PLEASE NOTE: I HAVE A POST IN THE WORKS ABOUT A BETTER TECHNIQUE ON HOW TO DEFORM THE CHEEK. I'M LEAVING THIS POST UP IN CASE OTHER PEOPLE FIND THIS TECHNIQUE HELPFUL IN OTHER PARTS OF THEIR RIG.
So that title is a mouthful so let me explain what it is I am talking about. When you're deforming the crease of the eyelid or the cheek, you want to be able to deform that span so that it is horizontal and lies parallel to line of the closed eyelid. If you have "The Art of Moving Points" by Brian Tindall then go to the "Squint/Cheek Zone" to see what I am talking about. If you don't have that eBook then take a look at this reel to see what it is I am talking about https://vimeo.com/199443666 (the part with the cheek is at 3:00). Here are two screenshots from the reel that show what I am talking about.
So as you can see the span of the cheek is moved up and the crease is rotated up so that they both create lines that are parallel to the eyelid. So there are three ways to achieve this result.
#1 Try to split up the weights manually:
So the usual solution is to create three joint segments that rotate around the eye center. The issue with this setup is that it is impossible to split up the weight between the three influences so that you get the horizontal line when rotating the joints up, and get nice compression and stretching of the spans when rotating the joints left and right. If you weight the joints in order to get nice left and right deformations you will end up with a 3 shaped span instead of a nice horizontal line.
You can solve this by using corrective blendShapes for the up and down motion, or you could use single joint if that provides enough control for the animator.
#2 Per Axis Vector Blending:
So for every vertex on the span, we can find the vector from the center of the eye to that vert. These aren't global vectors, they are vectors in a user defined local-space, that will come from a locator located at the center of the eye and rotated to aim the z axis of the locator at the center of the line where the upper and lower eyelids meet. Sometimes the local space is the same as global space, but if the eyes are angled outward the locator will aim slightly out to the side.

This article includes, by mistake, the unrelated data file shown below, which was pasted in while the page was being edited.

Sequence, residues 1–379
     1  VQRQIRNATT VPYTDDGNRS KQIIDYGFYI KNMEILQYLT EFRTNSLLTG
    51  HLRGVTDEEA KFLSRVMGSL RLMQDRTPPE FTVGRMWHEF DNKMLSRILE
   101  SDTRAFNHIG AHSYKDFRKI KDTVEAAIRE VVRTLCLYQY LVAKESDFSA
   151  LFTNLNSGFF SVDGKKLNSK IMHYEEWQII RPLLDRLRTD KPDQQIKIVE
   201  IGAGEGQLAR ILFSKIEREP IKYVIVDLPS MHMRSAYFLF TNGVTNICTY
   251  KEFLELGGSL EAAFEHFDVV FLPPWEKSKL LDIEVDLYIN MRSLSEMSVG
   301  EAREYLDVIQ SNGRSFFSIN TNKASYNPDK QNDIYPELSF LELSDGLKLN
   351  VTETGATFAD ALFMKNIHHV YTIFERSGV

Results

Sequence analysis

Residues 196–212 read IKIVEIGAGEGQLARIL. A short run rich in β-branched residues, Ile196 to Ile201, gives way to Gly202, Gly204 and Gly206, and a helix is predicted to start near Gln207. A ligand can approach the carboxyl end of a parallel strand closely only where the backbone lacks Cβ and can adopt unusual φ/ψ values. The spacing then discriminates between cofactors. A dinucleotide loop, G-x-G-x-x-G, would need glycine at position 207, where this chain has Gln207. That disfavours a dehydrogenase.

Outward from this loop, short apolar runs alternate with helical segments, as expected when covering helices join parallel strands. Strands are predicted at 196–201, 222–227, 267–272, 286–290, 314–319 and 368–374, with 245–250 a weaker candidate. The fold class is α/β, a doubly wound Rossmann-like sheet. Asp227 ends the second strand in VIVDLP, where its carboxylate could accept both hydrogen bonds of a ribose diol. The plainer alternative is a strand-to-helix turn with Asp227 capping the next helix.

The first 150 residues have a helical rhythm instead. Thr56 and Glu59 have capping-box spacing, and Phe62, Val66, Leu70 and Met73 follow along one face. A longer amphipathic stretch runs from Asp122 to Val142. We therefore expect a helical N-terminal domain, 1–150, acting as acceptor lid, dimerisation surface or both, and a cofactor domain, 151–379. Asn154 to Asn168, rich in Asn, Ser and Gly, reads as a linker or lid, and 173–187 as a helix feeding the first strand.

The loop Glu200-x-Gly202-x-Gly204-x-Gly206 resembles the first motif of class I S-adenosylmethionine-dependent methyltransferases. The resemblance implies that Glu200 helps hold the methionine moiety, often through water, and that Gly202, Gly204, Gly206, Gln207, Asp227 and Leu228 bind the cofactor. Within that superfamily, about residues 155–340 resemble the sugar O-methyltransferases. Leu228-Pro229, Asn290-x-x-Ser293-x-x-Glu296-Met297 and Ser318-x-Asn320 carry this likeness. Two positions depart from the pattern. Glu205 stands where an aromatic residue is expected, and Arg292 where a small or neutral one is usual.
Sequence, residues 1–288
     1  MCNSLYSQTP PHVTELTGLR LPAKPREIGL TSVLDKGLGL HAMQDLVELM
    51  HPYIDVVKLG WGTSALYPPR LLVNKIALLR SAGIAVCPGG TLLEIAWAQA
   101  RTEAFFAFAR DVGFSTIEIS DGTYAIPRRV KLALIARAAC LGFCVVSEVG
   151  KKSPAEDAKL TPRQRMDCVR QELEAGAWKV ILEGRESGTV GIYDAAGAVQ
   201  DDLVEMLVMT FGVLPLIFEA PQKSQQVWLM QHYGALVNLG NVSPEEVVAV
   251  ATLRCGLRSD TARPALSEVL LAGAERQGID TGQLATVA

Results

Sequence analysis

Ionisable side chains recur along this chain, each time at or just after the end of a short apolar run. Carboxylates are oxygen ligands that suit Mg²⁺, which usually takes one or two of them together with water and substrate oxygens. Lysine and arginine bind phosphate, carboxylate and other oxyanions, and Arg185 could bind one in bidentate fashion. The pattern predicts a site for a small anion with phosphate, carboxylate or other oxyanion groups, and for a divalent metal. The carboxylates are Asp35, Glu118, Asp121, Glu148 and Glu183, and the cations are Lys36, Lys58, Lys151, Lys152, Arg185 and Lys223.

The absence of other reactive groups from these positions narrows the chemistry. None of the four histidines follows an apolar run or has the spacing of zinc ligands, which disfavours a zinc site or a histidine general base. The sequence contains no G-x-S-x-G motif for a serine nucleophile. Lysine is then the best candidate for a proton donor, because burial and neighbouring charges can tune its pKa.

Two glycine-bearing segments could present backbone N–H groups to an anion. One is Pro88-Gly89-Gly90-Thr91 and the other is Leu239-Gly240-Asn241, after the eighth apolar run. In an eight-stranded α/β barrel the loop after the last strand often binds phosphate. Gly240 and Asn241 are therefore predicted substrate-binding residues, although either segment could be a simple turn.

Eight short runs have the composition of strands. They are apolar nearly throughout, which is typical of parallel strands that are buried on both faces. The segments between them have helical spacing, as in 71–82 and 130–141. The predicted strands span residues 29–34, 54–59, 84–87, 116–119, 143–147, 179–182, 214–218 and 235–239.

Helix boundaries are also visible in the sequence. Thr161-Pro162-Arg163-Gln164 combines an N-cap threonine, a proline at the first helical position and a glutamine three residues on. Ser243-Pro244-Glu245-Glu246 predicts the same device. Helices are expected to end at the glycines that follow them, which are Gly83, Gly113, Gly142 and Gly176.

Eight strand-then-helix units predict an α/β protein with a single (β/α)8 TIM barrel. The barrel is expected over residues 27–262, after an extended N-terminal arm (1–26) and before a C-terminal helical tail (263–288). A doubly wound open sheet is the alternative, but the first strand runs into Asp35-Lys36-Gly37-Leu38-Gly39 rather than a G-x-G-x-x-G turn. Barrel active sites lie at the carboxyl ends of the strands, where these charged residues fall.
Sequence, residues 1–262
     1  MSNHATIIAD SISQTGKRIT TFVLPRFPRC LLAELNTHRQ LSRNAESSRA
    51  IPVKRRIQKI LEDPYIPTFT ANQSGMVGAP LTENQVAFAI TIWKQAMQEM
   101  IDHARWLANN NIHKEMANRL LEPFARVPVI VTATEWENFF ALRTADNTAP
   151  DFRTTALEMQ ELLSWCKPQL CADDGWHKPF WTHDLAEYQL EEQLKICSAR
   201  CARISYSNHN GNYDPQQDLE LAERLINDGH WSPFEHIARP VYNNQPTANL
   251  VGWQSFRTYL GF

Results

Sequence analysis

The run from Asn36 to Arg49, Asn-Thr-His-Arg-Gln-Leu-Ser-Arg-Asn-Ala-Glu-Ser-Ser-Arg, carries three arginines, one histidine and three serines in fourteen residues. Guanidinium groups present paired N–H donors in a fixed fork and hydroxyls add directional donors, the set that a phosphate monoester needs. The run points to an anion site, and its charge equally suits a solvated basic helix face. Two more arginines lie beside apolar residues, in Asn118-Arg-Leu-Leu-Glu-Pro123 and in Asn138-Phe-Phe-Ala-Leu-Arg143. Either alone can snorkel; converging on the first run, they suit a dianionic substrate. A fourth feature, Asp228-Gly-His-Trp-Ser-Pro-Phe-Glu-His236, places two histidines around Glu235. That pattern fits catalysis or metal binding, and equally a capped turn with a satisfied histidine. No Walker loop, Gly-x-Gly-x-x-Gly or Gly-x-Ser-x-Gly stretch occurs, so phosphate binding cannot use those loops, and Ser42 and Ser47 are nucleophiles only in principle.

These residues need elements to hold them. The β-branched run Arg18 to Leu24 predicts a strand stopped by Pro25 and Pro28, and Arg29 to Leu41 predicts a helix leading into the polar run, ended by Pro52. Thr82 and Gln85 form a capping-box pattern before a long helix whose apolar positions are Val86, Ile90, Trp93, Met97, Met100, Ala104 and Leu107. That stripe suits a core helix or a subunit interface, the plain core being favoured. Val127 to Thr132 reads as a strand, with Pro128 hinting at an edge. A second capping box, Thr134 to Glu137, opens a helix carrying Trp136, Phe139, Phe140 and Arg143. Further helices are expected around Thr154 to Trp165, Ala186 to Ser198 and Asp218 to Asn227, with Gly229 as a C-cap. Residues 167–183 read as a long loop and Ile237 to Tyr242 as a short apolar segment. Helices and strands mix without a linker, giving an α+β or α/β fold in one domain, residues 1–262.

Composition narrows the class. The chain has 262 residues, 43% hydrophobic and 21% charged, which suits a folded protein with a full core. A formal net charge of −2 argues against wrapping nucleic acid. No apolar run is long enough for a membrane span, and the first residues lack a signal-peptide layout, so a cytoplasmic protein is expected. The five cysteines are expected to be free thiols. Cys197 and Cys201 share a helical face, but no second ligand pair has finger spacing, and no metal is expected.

Then we create guide joints that aim along some of these vectors. To have 3 controls, we will use the first vector, the last vector, and the middle vector, and two between those. Keep in mind this image is in 2D but we are dealing with 3D vectors. Now it's important that the guide vectors have certain properties, all the vectors that lie between two guide vectors, have X,Y,and Z components that lie between the X,Y,and Z components of the guide vectors.
So now we are going to blend the guide vectors to create the other vectors. If we just did a linear blend of all three axis together (like with a blendColors node) we would only be able to create vectors that lie on a straight line (between the two vectors). So like the title of this post suggests we are going to blend each axis separately. Rather than eyeballing all the blending weights you're going to want to use some simple math:
desired output = input * atrributesBlender + input * (1 - atttributesBlender)
attributesBlender = (output - input)/(input - input)
So then if we take the guide vectors and line them up within a single plane, all the blended vectors will also lie in that plane, and because we are aiming joints along these vectors all those joints will lie in that plane in nice straight line. Then we just skin those joints to the mesh and we're done.
Keep In Mind:
To be honest, the way that this splits up the weighting results in some ugly up and down shapes as you can see in the video. The best solution is to have two separate skinClusters one for the UD motion and one for the LR motion both with different weights, but this can be very hard to manage in Maya. I'd like to explore it more moving forward, because some of the workarounds like this that I use sometimes have become overly complicated. If I do come up with a better work flow for splitting weights I will be sure to make a post about it.